Why is there the common practice of giving little girls diaries with locks on them? Little girls are encouraged from a young age to pour their inner-most feelings and secrets out on the page and then keep them locked away. What’s up with the lock anyways? Is it so little girls can feel free and safe to express their feelings, so they won’t be judged? Or is it a way of telling little girls not to speak their minds?
As a little girl I was given such a diary once. I think it was from a well-meaning school teacher, I certainly never asked for one. I also recall that it looked really pretty, it was red leather with gold swirls and a gold lock. I kept it on my bookshelf and mostly used it as a notepad rather than a diary. And I lost the key shortly after I got it.
I was never the introspective person who was stimulated from the inside out, I am very much stimulated from the outside in. By that I mean that I would spend hours and hours reading alone in my room as a child. I read almost every single one of the hundreds of Nancy Drew books. To this day I still love a good story about a kick butt feminine crime-solving heroine.
Fast forward to today. I feel like I’ve missed a trick here. After years of observing friends who are avid journal keepers, I’m a little jealous. This seems to be a very worthwhile and important activity for them. (And for the record I feel strongly that children of both genders should be equally encouraged to keep a journal or diary).
At the insistence of my coach (yes I have a coach and I think everyone should have one whether they are of the life, career, or corporate variety) I have been keeping a journal for a month. This is already 3 weeks longer than my last attempt when I was 7. Even if I can’t think of anything to write, I force myself to write at least one page. Stream of conscious and verbal diarrhoea here we come! Whether it’s the highs or lows of my day, how I felt about my performance at work or the dreaded “how do I really feel?” I have to do it. For those of you familiar with the MBTI personality test, I’m a “thinker” not a “feeler.”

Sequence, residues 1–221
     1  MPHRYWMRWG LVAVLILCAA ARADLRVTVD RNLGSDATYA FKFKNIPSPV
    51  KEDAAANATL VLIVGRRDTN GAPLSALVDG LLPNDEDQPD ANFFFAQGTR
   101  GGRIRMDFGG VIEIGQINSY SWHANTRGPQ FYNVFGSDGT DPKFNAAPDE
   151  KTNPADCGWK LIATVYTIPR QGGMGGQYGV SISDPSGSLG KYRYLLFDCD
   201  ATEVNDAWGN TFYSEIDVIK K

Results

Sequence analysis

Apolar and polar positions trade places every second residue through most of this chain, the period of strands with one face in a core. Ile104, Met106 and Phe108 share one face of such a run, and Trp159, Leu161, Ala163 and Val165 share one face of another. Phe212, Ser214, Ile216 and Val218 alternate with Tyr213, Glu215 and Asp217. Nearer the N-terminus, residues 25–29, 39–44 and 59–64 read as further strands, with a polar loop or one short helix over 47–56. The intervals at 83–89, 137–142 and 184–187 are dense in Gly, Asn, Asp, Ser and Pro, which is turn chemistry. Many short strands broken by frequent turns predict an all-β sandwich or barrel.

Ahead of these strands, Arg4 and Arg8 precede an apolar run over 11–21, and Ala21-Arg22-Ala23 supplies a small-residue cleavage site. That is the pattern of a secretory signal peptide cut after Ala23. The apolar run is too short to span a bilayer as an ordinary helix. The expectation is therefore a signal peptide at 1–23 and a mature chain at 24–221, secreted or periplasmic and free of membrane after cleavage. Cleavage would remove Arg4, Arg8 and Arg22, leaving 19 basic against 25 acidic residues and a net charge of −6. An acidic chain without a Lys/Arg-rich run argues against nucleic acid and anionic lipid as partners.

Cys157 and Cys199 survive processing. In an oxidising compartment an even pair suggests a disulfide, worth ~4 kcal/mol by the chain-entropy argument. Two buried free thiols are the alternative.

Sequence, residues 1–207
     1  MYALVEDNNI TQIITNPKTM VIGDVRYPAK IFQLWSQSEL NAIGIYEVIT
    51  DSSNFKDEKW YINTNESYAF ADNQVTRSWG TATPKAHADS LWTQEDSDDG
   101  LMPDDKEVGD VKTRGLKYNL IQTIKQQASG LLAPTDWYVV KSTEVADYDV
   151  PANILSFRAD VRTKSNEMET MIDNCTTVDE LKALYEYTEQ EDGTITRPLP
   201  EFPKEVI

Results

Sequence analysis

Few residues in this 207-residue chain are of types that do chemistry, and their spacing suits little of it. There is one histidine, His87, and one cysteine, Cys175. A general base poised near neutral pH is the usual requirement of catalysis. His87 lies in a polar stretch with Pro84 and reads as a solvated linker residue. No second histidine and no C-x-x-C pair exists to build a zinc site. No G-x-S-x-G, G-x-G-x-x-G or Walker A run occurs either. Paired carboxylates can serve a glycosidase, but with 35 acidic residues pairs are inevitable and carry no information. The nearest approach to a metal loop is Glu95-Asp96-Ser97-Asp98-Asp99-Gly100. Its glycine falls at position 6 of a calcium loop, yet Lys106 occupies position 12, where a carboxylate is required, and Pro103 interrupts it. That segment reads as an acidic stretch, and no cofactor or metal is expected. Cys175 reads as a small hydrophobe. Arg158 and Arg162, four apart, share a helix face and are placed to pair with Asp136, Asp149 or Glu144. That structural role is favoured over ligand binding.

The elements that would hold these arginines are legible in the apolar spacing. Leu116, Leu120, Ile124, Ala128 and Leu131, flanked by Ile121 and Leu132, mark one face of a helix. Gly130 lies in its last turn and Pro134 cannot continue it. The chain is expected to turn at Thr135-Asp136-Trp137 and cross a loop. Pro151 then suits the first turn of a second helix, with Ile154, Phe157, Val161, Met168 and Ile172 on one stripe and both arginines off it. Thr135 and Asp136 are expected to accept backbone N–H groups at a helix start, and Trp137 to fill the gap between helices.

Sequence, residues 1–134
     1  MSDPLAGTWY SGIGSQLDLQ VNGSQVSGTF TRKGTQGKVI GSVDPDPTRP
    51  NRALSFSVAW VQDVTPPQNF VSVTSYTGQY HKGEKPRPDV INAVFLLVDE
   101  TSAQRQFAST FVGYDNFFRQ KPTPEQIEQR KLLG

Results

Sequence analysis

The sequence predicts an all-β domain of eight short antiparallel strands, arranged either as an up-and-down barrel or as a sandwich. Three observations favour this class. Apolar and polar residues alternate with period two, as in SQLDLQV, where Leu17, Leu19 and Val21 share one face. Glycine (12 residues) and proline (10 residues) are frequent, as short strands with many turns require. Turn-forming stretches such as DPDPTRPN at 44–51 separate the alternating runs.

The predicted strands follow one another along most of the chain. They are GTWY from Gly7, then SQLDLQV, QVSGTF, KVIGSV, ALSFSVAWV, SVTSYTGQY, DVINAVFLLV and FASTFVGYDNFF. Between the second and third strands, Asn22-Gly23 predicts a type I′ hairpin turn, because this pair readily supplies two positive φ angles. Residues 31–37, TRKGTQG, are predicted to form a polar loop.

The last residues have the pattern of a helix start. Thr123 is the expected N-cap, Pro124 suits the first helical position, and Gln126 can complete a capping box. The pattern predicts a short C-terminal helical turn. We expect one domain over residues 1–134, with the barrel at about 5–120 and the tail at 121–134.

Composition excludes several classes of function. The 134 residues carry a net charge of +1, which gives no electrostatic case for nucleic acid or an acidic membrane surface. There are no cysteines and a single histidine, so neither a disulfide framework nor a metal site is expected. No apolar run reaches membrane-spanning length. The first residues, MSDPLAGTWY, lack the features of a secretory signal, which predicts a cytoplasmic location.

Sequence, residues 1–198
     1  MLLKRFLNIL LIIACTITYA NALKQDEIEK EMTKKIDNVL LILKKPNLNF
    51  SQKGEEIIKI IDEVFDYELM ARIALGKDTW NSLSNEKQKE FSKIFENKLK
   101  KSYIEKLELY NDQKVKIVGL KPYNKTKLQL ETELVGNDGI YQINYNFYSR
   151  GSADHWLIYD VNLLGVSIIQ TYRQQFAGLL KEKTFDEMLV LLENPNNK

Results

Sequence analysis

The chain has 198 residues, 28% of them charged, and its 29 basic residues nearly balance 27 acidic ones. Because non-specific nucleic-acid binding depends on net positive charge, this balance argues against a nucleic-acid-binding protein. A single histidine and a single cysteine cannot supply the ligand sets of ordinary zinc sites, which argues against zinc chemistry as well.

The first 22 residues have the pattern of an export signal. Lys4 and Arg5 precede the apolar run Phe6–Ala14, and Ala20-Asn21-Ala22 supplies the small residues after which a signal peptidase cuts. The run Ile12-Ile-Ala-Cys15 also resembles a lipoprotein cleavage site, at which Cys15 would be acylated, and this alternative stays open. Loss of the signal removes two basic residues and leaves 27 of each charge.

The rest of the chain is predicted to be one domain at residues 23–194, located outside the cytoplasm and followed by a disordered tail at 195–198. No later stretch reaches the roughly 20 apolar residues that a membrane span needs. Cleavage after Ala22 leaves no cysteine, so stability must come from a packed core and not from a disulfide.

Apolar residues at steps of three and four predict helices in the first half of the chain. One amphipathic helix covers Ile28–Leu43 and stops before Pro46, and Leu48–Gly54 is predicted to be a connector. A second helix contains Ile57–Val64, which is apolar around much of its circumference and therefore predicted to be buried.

I’m not going to lie, I find journal writing extremely challenging. When my coach first mentioned it to me she told me (after she saw the horrified look on my face) “don’t worry, just check in with how you’re feeling while you write.” Me: blank. Her: “You know, when you take stock of how you’re feeling?” I didn’t know but I’m a good sport, I’ll try anything once.
And I’m glad that I did. Since I’ve gone back and read a month’s worth of entries I’ve probably learned more about myself in that short time then I would have in 5 years. I think this is what they call in therapy (which coaching is absolutely not btw) the breakthrough moment. I can’t believe that I didn’t do it sooner!
My second favourite Queen of England (Victoria, second only to Elizabeth I) was an avid journal keeper. She wrote daily her whole life and she was pretty cool. I’m sure it helped her run the country a bit better for those 63 years. Anyways I think you get the picture that the practice of journal writing has been around for centuries. Couldn’t we all use a little more honesty and reflection in our lives?